Is Smash a 'smash'? No. Is it success? Objectively, yes. Is that enough for NBC? At this stage, it has to be.
Now, is it the savior for scripted programming that NBC was obviously hoping that it would be? Probably not, but that's primarily a classic case of high expectations casting the big picture in an unflattering light. NBC promoted Smash heavily, so it came to be seen as this "savior" show that it probably had no business being in the first place. The ratings success of Glee and all these singing competitions have somewhat overshadowed the fact that this isn't exactly a readily-accessible, fool-proof premise. The same thing that makes it more 'sophisticated' than Glee - Broadway, original songs, heavy serialization, etc. - also serve as barriers to entry. This isn't the pretty hometown teenage girl trying to win a recording contract/millions of dollars by singing a classic country song that everyone in the audience can sing along to and cheer. Katherine McPhee's American Idol following doesn't automatically carry over to her fictional counterpart, apparently. They're two different
Publicly, people can look at the Voice's numbers and speculate that NBC is wasting its one good launching pad. Privately, NBC can lament this all they want. The fact that it dropped from a 4.2 to a 3.4 in its second half-hour certainly doesn't inspire good will for its next few weeks. The problem is that they really don't have anything else that could go after the Voice and get similar numbers. Recent years have shown that unscripted shows don't seem to provide much retention to scripted shows unless their auidences are highly compatible - look at Castle's numbers behind DWTS in the Fall and Spring versus the drop-off its numbers take behind The Bachelor in the winter. Leaving aside the Touch preview, shows following American Idol these past few seasons (Human Target, Breaking In, The Finder, etc.) haven't even come close to being hits by either retention percentage or objective ratings standards. The Voice and Smash are about as compatible as a unscripted show and a scripted show could ever be - sadly, I doubt Awake, Community, or any other show they could put there could match those numbers.
No, the retention isn't great, but poor retention percentages often don't affect renewals as much as it seems like they should, particularly if the ratings are still high relative to other shows on the network. Happy Endings routinely sheds nearly half of its Modern Family lead-in, but it still breaks a 3.0 with some reliability and is the second-highest rated comedy and fourth-highest rated scripted show on the network. Is it the second-highest rated comedy solely because of its lead-in? Probably. Would the Middle or Suburgatory do better than Happy Endings if they aired at 9:30? Possibly. Will Happy Endings be renewed? Personally, I would be stunned if it wasn't. A 3.0 is still a 3.0. It probably won't get the Modern Family lead-in next year, but if it can maintain its core audience, it will still be seen as successful.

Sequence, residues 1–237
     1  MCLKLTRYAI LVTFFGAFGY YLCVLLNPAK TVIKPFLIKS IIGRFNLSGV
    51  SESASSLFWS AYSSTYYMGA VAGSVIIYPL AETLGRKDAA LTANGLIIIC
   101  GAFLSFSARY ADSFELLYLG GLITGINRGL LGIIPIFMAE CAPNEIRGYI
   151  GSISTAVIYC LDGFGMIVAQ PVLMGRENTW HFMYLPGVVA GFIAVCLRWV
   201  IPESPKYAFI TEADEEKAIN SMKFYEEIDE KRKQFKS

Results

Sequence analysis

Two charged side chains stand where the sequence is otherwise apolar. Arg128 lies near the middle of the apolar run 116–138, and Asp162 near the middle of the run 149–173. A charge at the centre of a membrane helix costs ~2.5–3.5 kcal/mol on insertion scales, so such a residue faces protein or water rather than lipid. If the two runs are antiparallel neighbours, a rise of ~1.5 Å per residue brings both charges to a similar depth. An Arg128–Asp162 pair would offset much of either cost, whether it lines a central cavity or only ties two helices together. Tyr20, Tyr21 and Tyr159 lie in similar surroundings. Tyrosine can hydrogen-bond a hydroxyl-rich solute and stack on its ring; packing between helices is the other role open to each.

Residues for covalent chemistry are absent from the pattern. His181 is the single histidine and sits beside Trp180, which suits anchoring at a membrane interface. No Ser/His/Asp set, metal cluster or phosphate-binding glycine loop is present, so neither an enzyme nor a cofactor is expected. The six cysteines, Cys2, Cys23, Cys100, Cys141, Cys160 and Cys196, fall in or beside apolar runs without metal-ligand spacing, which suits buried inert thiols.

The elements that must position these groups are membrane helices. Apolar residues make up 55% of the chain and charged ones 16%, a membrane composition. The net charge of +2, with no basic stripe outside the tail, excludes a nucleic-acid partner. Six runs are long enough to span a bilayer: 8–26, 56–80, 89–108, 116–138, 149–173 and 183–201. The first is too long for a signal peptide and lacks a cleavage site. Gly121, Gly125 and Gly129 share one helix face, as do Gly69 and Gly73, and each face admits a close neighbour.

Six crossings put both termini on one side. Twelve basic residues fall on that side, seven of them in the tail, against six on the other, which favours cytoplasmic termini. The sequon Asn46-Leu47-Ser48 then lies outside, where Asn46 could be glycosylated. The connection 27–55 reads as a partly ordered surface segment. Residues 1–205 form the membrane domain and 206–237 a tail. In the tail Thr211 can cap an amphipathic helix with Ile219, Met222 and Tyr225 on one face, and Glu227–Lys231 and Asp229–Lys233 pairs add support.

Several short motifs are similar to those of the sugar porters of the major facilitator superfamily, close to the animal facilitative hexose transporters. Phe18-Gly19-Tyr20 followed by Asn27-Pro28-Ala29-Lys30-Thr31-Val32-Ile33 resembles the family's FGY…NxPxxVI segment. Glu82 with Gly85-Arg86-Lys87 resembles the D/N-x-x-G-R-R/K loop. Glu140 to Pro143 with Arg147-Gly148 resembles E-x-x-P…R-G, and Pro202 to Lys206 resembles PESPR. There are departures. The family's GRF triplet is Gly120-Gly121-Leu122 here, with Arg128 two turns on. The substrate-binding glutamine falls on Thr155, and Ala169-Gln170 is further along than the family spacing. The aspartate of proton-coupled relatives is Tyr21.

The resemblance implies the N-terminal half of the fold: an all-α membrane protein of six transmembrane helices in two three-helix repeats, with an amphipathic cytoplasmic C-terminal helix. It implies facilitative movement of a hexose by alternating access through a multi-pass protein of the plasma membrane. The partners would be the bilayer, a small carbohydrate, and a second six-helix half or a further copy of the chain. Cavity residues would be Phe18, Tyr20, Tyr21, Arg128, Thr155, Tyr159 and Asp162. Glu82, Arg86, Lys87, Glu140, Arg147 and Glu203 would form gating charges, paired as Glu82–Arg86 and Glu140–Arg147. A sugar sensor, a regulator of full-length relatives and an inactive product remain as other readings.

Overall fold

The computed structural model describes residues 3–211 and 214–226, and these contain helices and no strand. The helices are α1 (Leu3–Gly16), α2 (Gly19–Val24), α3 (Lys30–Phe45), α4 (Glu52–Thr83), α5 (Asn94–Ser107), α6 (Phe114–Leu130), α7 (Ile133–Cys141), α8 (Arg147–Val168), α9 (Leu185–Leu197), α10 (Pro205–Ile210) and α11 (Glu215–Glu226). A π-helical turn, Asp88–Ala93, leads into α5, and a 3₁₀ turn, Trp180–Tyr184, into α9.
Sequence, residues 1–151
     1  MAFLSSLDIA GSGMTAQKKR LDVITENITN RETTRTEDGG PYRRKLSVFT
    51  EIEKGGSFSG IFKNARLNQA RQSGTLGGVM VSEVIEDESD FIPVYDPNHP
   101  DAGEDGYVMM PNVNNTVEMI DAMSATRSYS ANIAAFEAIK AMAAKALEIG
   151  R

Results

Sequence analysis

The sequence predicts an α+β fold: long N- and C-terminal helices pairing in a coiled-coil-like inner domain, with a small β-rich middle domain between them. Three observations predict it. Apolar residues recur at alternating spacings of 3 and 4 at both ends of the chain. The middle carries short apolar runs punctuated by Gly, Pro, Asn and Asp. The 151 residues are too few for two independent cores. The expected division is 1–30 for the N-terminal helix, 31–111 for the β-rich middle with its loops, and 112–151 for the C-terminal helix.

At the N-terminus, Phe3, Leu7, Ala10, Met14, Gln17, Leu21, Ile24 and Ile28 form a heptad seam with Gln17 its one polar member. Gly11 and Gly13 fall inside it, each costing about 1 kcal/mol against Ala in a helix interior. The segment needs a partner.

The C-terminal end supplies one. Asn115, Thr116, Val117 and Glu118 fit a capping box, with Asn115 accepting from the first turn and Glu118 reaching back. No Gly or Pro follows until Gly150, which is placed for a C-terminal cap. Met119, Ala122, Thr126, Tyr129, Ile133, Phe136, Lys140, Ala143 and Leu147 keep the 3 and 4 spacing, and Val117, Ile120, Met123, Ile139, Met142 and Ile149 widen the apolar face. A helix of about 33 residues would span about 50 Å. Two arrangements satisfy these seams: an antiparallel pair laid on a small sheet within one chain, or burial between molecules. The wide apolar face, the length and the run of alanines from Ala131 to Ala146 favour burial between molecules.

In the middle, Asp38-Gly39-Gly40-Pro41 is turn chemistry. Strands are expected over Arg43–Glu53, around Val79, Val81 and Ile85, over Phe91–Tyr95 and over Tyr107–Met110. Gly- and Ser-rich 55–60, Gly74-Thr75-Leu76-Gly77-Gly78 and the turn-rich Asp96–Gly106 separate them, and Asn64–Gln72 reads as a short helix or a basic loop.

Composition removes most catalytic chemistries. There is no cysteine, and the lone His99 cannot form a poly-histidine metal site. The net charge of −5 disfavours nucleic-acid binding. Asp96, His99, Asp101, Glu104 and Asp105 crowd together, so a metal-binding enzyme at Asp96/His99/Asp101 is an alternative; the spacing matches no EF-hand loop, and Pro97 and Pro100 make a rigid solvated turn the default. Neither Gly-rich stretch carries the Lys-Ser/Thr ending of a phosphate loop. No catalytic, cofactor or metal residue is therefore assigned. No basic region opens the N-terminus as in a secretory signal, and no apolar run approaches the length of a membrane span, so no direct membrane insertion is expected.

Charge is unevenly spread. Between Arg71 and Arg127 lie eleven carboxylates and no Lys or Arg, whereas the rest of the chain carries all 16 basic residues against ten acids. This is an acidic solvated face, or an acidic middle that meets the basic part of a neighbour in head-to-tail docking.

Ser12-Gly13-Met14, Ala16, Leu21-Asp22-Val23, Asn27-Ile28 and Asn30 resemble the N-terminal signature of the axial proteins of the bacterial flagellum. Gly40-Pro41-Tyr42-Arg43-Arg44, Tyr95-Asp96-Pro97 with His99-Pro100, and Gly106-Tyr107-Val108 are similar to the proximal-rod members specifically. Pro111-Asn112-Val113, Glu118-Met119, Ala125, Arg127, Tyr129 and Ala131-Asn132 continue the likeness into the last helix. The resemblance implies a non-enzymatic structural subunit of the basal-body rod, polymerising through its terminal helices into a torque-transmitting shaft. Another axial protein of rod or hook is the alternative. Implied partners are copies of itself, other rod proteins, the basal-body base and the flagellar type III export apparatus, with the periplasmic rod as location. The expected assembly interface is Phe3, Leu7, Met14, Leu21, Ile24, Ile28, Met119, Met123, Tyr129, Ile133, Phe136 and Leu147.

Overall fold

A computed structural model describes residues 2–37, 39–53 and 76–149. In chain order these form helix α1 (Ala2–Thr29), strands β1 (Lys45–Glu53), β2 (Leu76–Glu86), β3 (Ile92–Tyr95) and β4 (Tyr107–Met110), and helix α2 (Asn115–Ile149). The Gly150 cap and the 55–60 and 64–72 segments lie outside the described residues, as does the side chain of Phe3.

It's a different story on CBS, where Rob (and before that, Rules of Engagement) is pulling a 3.4/3.5 while still shedding nearly 40% of its lead in from The Big Bang Theory. The difference is that despite those numbers being high, Rob is still CBS's lowest rated comedy at the moment. Their other comedies are all averaging above a 4.0 or star current media-star and awards-darling Melissa McCarthy. So unless they either expand their Thursday comedy block to two hours or premiere no new comedies next year, there is a decent chance that Rob might be canceled because CBS believes that something else might hold on to more of TBBT's audience. In other words, they can 'afford' to be disappointed.
Bottom line, pundits and internet commentators like you and I are in a position where we can afford to be 'disappointed' with something like Smash, but NBC isn't. The Office is the only regular scripted show the network that has regularly topped a 3.0 this year, and recently it has been slipping into the high 2's. It's best days are clearly behind it, both creatively and ratings-wise, but NBC will keep renewing it long past the expiration date because every other scripted show on the network (Parenthood, Grimm, Parks and Rec, etc) are happy if they can just crack a 2.0. If Smash can stabilize above a 3, or even in the high 2's (at 10 PM no less, where ratings are generally lower across the board), NBC will renew it in a heartbeat and count it as a "hit". Next year, if they decide that they want it to stand on its own and use The Voice lead-in for something else, the story may change. I don't know how expensive the show is (it certainly doesn't look cheap) but that's an issue for a hypothetical Season 2 and beyond, and an issue that I'm sure at that point, NBC would be happy to have.
God, that's a long essay. To think I was more or less indifferent about the show when I watched it on iTunes last week.